Progressive Era Summary
|Topics:||Progressive Era, Social Sciences, ⏳ Social Issues|
Progressivism was a movement for reforms that took place in the United States between late 19th century and the beginning of the 20th century. It arose from the need for social reformers and intellectuals to address the social, cultural, political, and economic questions that had emerged in the drastic changes that had resulted from the growth of modern capitalism in the United States and the industrial revolution,
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The social reformers and intellectuals included a variety of groups of people: muckrakers, social workers, businesspersons, professionals, African-Americans, and religious leaders. Muckrakers were journalists and photographers who published life situation in poor areas for accessibility to the upper classes and political leaders. Social workers provided aid and relief to poor urban dwellers, as well as investigated the sources of poverty and recommended reforms. Businesspersons formed an industry-specific organization that had some political influence to counter the unfavorable intervention of the government in their business operations. Professionals sought to enhance their prestige and economic rewards by restricting professional membership and upgrading professional standards. African-American leaders allied with white Progressives to found the National Urban League in 1910, an organization pledged to combat overt prejudice and to safeguard their socioeconomic welfare.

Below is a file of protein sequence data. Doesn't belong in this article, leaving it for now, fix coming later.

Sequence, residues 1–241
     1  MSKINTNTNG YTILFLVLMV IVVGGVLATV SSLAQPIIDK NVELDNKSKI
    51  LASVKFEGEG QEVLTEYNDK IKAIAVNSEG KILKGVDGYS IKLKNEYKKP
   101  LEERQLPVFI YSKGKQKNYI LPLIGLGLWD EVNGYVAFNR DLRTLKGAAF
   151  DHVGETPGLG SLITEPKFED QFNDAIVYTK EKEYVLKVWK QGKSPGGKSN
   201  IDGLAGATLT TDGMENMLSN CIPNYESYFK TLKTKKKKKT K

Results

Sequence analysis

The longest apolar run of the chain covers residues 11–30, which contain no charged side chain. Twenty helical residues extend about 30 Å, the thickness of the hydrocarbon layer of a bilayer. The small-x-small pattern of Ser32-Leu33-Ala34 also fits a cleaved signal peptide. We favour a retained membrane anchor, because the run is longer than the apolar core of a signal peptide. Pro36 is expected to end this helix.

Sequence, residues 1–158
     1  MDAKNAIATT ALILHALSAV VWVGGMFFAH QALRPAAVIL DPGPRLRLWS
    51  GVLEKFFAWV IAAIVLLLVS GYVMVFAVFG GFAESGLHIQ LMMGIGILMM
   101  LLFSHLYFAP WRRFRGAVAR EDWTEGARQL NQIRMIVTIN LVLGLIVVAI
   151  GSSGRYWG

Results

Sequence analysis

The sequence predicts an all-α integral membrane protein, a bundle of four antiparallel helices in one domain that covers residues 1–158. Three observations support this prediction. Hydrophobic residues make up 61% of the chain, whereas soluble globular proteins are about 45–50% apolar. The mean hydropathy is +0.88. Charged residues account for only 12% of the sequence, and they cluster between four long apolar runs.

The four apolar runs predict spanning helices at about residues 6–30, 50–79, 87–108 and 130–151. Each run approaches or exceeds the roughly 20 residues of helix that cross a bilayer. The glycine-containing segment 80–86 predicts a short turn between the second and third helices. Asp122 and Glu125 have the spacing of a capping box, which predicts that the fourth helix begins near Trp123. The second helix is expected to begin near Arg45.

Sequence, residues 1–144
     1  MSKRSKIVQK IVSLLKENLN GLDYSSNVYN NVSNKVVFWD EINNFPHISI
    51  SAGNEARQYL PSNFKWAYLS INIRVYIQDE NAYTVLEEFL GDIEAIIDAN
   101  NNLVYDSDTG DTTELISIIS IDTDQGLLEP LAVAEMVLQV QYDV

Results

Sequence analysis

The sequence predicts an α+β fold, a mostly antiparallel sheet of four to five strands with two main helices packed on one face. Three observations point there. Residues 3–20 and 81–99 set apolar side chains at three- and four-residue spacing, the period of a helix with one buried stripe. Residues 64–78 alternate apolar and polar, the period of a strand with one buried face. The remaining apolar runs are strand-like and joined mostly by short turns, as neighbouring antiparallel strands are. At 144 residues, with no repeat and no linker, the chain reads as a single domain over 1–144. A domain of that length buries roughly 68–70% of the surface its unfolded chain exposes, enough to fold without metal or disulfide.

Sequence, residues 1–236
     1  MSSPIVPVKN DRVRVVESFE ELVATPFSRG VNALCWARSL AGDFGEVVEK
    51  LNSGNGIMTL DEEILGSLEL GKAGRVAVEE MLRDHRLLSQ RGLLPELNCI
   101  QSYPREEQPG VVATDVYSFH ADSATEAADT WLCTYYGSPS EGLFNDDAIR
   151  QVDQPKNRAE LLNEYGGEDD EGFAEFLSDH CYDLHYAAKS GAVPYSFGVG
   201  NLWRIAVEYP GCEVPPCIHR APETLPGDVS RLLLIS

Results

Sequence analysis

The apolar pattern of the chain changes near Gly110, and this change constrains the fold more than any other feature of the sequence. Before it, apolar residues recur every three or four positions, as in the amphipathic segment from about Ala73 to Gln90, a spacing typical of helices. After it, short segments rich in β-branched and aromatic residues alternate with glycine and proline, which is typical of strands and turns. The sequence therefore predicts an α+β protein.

It is evident that each of the progressives had their own motives. This makes the American Progressivism not just a social movement, but also a cultural, political, and economic crusade. Overall, the central motive of progressivism in the country was to bring about political and democratic changes that would suit the new order created by modernization and capitalism.